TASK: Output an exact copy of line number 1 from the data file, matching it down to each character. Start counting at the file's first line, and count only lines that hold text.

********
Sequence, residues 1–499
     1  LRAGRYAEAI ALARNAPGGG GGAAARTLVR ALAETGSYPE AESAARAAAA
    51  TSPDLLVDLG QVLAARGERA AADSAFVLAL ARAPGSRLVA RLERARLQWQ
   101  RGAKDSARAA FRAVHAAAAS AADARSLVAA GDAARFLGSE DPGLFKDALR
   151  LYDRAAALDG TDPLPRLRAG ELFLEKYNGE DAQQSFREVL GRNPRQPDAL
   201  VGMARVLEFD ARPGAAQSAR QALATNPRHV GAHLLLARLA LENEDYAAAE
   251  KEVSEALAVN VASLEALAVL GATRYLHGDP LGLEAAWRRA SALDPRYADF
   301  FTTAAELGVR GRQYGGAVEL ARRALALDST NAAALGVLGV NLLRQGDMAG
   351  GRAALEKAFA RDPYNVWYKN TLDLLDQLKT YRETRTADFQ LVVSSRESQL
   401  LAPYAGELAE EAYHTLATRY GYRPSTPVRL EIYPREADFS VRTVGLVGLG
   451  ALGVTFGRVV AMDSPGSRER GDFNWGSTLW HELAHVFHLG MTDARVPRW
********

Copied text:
Sequence, residues 1–499